Tuberculin Skin Testing

The Mantoux tuberculin skin test (TST) is a method of determining whether a person is infected with a bacterium, Mycobacterium tuberculosis, which causes a disease known as Tuberculosis (TB). The tuberculin skin test (TST) has limited value in clinical work, especially where TB is common. The test shows hypersensitivity to proteins of the TB bacillus, as a result either of infection with M.tuberculosis or induced by Bacille Calmette-Guérin (BCG) vaccination.
It indicates infection and not TB disease i.e. this test cannot distinguish latent TB from active TB (TB disease).

Latent TB infection: people have TB bacilli in their bodies, but they are not sick because these bacilli are not active and a healthy immune system keeps it in check.
· These people do not have symptoms of TB disease, and they cannot spread the bacteria to others.
· However, they may develop TB disease in the future.

TB disease: people are sick from the TB bacilli that are active, meaning that these bacteria are multiplying and destroying tissue e.g. the lungs.
· These people usually have symptoms of TB disease.
· People with TB disease of the lungs or throat are capable of spreading TB bacteria to others through coughing and sneezing, releasing these bacteria into the air, which may be inhaled by people in close contact with them.

How is the TST Administered?
The Mantoux TST is the most reliable test available. The test requires:
· 2 units of tuberculin puried protein derivative PPD-RT23 2TU OR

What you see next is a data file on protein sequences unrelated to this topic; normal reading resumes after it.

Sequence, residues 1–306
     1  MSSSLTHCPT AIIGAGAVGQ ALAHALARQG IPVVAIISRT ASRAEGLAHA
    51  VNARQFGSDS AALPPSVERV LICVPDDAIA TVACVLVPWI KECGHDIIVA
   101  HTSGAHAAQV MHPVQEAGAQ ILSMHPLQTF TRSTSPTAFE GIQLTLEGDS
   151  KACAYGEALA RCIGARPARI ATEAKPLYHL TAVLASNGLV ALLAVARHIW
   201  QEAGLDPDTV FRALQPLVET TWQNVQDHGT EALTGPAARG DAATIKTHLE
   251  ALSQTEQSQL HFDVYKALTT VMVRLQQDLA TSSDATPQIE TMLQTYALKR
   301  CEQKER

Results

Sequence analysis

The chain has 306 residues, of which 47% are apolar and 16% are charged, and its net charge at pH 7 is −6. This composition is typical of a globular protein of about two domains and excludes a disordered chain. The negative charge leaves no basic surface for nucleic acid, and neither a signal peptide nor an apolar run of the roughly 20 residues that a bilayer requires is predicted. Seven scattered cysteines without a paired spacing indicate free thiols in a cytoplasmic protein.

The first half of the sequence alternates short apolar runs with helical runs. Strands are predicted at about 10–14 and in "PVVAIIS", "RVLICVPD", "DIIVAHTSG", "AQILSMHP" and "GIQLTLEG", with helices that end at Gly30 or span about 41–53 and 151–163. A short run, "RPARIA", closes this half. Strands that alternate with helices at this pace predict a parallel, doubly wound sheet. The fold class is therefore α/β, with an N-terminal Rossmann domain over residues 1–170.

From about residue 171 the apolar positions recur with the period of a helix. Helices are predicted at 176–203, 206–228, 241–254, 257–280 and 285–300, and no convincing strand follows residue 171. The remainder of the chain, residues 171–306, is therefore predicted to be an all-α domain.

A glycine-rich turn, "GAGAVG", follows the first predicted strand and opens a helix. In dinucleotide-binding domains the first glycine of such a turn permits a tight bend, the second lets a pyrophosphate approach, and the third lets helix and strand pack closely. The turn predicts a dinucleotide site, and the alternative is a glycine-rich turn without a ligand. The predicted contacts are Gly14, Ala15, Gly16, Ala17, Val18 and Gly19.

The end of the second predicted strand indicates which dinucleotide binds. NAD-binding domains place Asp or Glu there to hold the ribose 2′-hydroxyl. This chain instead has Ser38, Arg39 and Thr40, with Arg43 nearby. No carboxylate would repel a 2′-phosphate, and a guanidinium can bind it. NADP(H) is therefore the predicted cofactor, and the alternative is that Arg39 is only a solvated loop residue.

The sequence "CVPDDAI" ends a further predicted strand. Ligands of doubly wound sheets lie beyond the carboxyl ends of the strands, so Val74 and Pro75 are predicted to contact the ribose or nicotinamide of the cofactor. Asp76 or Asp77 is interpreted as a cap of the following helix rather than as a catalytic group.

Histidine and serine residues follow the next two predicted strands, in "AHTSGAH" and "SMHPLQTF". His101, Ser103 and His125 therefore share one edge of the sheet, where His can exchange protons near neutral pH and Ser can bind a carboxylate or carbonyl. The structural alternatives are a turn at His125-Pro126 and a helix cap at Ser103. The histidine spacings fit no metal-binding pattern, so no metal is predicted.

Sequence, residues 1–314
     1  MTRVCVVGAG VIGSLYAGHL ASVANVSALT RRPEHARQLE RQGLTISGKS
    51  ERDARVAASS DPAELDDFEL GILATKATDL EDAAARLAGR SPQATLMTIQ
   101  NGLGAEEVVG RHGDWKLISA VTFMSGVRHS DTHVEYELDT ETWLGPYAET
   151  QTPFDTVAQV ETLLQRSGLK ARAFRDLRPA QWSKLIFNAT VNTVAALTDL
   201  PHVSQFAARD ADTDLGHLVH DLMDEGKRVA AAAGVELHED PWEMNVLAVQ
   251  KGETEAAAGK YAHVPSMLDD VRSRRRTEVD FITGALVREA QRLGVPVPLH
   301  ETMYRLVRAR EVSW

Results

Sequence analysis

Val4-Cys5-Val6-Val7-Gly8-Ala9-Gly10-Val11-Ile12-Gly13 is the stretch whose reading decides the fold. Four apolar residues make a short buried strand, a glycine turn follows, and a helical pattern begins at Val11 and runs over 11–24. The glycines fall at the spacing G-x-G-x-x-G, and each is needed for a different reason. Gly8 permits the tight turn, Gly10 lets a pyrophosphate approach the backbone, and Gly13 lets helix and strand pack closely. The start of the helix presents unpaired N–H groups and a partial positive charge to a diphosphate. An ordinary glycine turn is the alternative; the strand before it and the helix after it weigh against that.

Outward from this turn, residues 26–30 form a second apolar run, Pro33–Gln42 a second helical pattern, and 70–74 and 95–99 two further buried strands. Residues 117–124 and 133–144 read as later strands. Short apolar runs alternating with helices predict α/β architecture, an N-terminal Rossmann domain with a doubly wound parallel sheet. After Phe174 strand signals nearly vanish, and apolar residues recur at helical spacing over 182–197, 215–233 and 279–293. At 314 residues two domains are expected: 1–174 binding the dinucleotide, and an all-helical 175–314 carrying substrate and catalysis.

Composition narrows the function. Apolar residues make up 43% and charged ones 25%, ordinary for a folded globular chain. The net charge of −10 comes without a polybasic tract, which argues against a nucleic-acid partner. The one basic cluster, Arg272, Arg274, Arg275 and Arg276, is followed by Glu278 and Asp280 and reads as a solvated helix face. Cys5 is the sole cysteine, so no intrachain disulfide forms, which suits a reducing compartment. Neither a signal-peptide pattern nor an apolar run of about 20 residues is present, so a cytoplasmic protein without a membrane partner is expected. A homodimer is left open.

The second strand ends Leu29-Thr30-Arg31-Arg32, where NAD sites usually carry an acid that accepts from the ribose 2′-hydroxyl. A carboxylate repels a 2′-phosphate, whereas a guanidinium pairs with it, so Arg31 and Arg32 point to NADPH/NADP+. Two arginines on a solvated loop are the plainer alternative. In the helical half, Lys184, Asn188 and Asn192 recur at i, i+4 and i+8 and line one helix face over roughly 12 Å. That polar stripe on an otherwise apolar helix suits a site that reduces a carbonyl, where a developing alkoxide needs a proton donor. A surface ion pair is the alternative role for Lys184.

· 5 units of PPD-S 5TU
The dose is the same for adults and children.
The TST is performed by injecting 0.1 ml of tuberculin puried protein derivative (PPD) of the correct strength into the inner surface of the forearm. The injection should be made with a tuberculin syringe, with the needle bevel facing upward. The TST is an intradermal injection. When placed correctly, the injection should produce a pale elevation of the skin (a wheal) 6 to 10 mm in diameter.

How is the TST Read?
The skin test reaction should be read between 48 and 72 hours after administration. A patient who does not return within 72 hours will need to be rescheduled for another skin test. The reaction should be measured in millimetres of the induration (palpable, raised, hardened area or swelling). The reader should not measure erythema (redness).
The diameter of the indurated area should be measured across the forearm (perpendicular to the long axis).

How Are TST Reactions Interpreted?
Skin test interpretation depends on two factors:
· Measurement of the induration in millimetres
· A person’s risk of being infected with TB and of progression to disease if infected

Interpreting a positive TST

  • A positive test indicates infection with TB, but not necessarily TB disease.
  • In a child under 5 years or an HIV-infected child of any age, a positive skin test indicates recent infection and is a risk factor for progression to disease. In the presence of other features such as a history of a TB contact, signs and symptoms suggestive of TB and chest x-ray changes, a positive tuberculin skin test is indicative of TB disease in children.